Joseph Snoe said...

I prefer reasons manuscripts get requested to why queries are rejected. The most surprising and encouraging information in this entry is that Janet Reid (or any agent) would accept a second query after a major revision. I pitched to an agent back in 2014 at Writers League of Texas. She requested and later turned down my manuscript. I liked her anyway. I think I’ll resubmit when I finish my massive rewrite.

John Davis Frain said...

I'm loathe to put words in your mouth, so don't take it that way. I guess I'm trying to read between the lines. From these examples, it strikes me that the ms pages carry more weight than the query.

Or, put in a more writer-friendly way, you better sweat the ms because that's where the good writing is needed but don't sweat the query as much as you're doing.

Or am I just trying to pretend queries don't matter as much because I don't like writing them?

My favorite part of this blog entry: the word "synopsis" was never mentioned. Yay!

Lennon Faris said...

I'm interested in all the questions above. I have one more to add: was #1 solicited? as in, did you read and reject, but say in the rejection, 'maybe I'll take another look if blah blah blah', OR did the author just majorly revise and decide to just re-query you?

Thanks for the post. I do like the flip side as well.

Julie Weathers said...

I love this list. Thank you for taking the time to do this.

In the end, it almost always comes down to voice and writing, but there has to be a story there also. When you hit that magic trifecta, great things happen.

It just reaffirms you gotta keep on trying.

Colin Smith said...

John: I'm all out of chum, so I'll join you in putting words in Our Beloved Shark's mouth. *CUE JAWS MUSIC*

Yes, absolutely the ms is more important than the query. If you write a great query but your ms sucks, you're getting a rejection. That said, your query is important because it is the gateway to the ms. If your query sucks, unless the agent sees past the suck to something special, she isn't going to request. But if your query is okay, and your ms is socks-off-knocking, then you might be getting a call.

To sum up: The job of the query is to lead the agent to the ms. Bottom line. End of story. So the query is very important, but never more important that the ms.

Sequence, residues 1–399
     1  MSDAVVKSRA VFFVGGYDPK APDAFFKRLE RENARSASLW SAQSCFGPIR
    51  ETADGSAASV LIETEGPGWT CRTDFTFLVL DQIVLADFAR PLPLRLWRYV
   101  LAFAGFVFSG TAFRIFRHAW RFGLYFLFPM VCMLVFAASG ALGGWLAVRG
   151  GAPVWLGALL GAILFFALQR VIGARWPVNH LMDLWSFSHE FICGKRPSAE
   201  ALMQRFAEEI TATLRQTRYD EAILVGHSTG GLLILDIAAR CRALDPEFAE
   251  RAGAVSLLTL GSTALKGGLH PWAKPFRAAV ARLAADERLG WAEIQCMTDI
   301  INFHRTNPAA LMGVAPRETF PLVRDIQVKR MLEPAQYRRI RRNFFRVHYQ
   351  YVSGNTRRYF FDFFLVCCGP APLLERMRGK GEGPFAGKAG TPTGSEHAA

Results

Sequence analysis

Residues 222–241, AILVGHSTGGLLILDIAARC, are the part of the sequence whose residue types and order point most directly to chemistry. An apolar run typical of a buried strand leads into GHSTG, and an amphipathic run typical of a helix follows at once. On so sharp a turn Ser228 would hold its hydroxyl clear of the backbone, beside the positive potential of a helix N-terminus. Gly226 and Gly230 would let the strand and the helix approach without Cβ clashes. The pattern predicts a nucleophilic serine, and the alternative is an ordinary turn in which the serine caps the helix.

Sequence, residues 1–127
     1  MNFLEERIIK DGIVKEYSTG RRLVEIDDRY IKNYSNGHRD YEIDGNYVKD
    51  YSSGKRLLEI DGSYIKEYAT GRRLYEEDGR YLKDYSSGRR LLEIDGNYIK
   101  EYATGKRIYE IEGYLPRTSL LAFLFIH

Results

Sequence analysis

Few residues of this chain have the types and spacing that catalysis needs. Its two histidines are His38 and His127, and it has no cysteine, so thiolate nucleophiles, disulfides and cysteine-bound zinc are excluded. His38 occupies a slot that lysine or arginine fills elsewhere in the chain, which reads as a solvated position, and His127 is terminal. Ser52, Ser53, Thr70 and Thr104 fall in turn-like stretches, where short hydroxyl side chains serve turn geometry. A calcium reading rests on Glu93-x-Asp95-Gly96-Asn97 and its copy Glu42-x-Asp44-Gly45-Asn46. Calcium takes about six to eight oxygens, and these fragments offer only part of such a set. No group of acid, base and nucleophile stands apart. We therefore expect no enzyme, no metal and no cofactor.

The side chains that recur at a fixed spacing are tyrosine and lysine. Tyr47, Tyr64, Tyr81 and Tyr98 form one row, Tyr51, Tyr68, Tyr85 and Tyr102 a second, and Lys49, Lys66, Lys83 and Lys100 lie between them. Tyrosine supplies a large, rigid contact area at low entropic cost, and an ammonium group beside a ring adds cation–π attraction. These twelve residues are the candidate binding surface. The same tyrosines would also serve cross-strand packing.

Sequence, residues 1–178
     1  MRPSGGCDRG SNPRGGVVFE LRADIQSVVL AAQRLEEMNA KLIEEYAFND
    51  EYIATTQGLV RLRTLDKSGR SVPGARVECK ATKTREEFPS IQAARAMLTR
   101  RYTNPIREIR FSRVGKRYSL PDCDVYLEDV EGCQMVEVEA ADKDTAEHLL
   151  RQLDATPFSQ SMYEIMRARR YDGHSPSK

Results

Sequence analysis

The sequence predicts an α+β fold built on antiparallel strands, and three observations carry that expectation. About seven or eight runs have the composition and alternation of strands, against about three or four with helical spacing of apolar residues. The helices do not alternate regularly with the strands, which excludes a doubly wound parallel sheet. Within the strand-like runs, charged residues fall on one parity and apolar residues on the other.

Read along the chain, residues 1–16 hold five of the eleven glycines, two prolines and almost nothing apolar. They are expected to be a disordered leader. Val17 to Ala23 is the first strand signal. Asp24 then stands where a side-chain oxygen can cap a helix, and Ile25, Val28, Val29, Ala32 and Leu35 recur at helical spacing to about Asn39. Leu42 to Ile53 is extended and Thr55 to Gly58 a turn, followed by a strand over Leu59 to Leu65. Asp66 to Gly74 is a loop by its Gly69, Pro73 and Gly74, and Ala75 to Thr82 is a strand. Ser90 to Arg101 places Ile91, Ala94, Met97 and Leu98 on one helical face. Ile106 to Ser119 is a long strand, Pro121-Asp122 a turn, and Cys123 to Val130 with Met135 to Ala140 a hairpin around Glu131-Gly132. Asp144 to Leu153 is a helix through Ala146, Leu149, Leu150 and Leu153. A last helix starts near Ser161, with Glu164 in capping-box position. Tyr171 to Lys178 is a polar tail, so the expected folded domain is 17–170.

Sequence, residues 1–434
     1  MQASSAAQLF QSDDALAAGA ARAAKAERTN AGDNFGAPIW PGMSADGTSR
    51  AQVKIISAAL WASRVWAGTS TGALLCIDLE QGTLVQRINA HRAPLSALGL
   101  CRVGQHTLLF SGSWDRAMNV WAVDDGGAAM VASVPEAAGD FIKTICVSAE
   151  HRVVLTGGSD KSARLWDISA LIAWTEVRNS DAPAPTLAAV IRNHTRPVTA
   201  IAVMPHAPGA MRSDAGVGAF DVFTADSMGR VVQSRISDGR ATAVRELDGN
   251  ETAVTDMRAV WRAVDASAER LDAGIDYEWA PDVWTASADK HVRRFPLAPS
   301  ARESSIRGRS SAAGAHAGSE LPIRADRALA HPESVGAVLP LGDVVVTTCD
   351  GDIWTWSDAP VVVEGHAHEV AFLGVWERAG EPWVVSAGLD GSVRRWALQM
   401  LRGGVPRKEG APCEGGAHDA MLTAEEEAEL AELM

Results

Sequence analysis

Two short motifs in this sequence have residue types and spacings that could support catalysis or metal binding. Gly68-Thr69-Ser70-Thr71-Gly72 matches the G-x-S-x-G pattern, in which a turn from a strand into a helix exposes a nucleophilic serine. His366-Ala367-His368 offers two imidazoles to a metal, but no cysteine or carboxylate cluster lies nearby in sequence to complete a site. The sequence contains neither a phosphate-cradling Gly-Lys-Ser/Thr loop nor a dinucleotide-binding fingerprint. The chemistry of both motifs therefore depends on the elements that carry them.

How did I do, Janet? :)

Julie Weathers said...


Many agents will give you a second look if it's a major rewrite. What have you got to lose?


Janet requests 3-5 pages. Other agents vary, but five pages is common. Reading and responding varies.


In my case so far, re-sends have been after a "This is a pass, but here are my suggestions. Feel free to use them and resubmit."

Julie Weathers said...

Today is the 75th anniversary of Pearl Harbor. I couldn't sleep last night so I got up and wrote for a little bit and then spent hours reading letters from Pearl Harbor survivors.

The "punchbowl" is the site of the cemetery, which is in an inactive volcano. A reporter doing a story on Pearl Harbor was struck by the young ages of those buried there. Of course, half the casualties of the attack were on the USS Arizona. It took four direct hits and exploded so violently, the entire ship was lifted out of the water. My mother's uncle was on the Arizona.

Wreaths Across America has a program where they try to put as many wreaths as they can on veteran graves at Christmas time. Before they lay the wreath, they speak the name of the veteran so he is not forgotten. As long as someone remembers, and speaks their names, they will not die that second death.

Though we've been admonished to get over it for the common good, let us not allow these men and women die the second death of fading from our memory. They deserve better and we owe it to them to honor their sacrifice.

Casey Karp said...

Jennifer: I'm totally with you on voice. Some characters I hear immediately, others just stand around and mumble for weeks or months on end. And then suddenly the radio tunes itself and they come in loud and clear. Oddly, those are often the ones who wind up being the most interesting characters.

On the original subject, it's good to know there's hope for a revision, even without an R&R. I like the idea of having that option if the current project stalls.

Stephen Kozeniewski said...

Why, this whole post sounds perfectly reasonable and thoughtful. I thought agents were black-hearted ogres guarding the kingdom of publishing from trespassers. Are you sure you're a real agent?

Karen McCoy said...

A beautiful reminder that there are always options. And thank you Julie, for the reminder about Pearl Harbor. My Uncle Bob, who is 87 years young, remembers when the announcement was made over the radio. He was playing with a toy plane at the time.

Carolynnwith2Ns said...

Julie Weather's, wreaths across America stops in our town each year and speaks at the high school. We won't forget and neither will the kids. Thanks for remembering and reminding.

Anonymous said...

This post was good to read today, when I needed some positivity in my life. Thank you.

As for stats re sample size, I'd rather not know. Janet crunched the numbers in a post a while back and it was daunting as hell. Something like a 0.0000000000000001 chance of her signing a new client from queries received.

Welp, so much for positivity. Need to re-read this post a few more times now.

Her Grace, Heidi, the Duchess of Kneale said...

9. Query came with a non-stick waffle iron.

AJ Blythe said...

As always, bowing at the feet of our Queen. Appreciate this insight into the flip side of queries.